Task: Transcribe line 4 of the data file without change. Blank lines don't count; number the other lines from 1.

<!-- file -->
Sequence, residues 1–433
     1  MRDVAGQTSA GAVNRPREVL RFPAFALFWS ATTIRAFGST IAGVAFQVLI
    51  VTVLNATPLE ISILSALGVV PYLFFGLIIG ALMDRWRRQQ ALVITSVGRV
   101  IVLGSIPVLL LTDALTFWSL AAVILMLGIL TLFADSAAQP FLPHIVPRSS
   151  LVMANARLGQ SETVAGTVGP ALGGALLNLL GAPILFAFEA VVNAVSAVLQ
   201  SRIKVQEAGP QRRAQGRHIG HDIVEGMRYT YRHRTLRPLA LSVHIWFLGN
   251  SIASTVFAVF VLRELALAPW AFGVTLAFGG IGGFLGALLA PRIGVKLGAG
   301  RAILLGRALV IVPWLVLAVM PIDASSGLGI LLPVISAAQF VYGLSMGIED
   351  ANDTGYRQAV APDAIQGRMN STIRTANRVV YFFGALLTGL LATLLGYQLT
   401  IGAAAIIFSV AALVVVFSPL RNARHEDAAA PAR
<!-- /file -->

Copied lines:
   101  IVLGSIPVLL LTDALTFWSL AAVILMLGIL TLFADSAAQP FLPHIVPRSS